Knot theory

I. Introduction

Section1. What is a knot?

With a reasonably long, say 30cm in length, piece of string or cord in your hand, straighten it up, take the two ends and glue them together so that it is not immediately noticeable that the string/cord has been joined. Now what you see before you is a single closed loop, approximately 30cm long. In mathematics, this loop is called a trivial knot or unknotted knot, which is a simple closed loop. You should be able to deform it to a circle at ease, fig.3. Fig.3. In knot theory, these two knots are equivalent.

It is the simplest knot in our world. More generally, before gluing the two ends of the string, you can tie the string in any way you like. As we said before, it always happens in reality that we need to tie different things up, for example, see fig.4. Fig.4. You can glue the two ends at the bottom of the picture to make it a non-simple closed loop. It is called a Tom fool knot.

To be more precise, this string should, ideally, be thought of as a single curve, then a knot is a closed curve, in space. We can make various types of knots that are independent of how we tie the string. Let us create an extremely complicated knot by using a very long piece of string and knotting it in the most muddled fashion we can imagine, for example fig.5: Fig.5.

Exercise 1.1    Try to make the knot in fig.5. yourself.

Section2. When are two knots ''equivalent'' ?

Now, choose two knots from the various knots you have created in this random manner and call them A and B. The natural question to ask is, (perhaps you may have predicted it at this point)

Can we deform knot A into knot B ?

An approach we may try is to determine how it is possible to change the knot A to knot B. It is intuitively clear that if we are able to physically continuously deform knot A to knot B, then they are equivalent, for example, see fig1. One condition we impose here is that we cannot cut the knot, we can only manipulate it by hand.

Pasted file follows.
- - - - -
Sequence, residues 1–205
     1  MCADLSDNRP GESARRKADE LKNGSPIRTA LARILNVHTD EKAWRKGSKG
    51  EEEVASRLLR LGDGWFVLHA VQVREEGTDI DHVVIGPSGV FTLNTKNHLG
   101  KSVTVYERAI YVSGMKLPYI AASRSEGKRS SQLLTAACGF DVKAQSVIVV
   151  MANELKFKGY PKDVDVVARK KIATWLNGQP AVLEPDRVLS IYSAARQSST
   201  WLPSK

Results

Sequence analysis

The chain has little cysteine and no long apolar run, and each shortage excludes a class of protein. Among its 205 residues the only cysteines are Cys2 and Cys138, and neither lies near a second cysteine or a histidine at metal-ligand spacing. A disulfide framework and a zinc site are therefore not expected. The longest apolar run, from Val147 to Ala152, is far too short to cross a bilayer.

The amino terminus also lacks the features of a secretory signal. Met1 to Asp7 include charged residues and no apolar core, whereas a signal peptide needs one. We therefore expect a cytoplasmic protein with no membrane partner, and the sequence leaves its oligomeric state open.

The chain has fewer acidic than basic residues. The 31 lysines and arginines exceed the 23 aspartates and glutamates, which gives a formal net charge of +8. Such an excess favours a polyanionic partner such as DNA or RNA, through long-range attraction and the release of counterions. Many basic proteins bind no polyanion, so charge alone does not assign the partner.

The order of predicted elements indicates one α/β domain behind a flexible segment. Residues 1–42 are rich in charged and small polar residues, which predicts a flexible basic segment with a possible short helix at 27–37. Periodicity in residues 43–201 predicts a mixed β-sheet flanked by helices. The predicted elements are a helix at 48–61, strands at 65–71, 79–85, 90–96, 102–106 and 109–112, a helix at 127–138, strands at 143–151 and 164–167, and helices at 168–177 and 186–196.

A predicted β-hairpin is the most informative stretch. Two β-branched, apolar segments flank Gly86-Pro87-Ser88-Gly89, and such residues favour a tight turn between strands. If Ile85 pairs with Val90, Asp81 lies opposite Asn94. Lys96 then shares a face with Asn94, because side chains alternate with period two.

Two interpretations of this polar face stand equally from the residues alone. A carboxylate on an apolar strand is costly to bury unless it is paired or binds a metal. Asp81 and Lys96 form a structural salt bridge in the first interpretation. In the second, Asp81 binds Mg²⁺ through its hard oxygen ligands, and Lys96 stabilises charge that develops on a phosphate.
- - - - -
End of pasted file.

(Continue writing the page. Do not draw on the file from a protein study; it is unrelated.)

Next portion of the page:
If we can change A into B by slowly changing the form of A, then these two knots are said to be equivalent or equal.

At this point, let us further restrict our notion of knot. Since what we are interested in is the actual form of the knot, we do not need to worry about how long of how thick the knot is. Let us mull a bit over the way we wish to consider a knot. It is perfectly possible that a knot made from a 30cm piece of string is equivalent to a knot made from a 10cm piece of string. Recall, we want to say that two knots A and B are equivalent if we can manipulate, using our hands, the knot A into the knot B. (to visualize this, it is best to suppose the strings have a certain amount of elasticity so that we can stretch and shrink them without any difficulty) So the crux of our problem will lie in the form of knot, not in how thick or long it is. The reader familiar with advanced mathematics (of course, you are not assumed to have this background) will notice that this discussion is just the type of problem encountered in topology. To put it plainly, knot theory, at the very least, may be considered to be a branch of topology.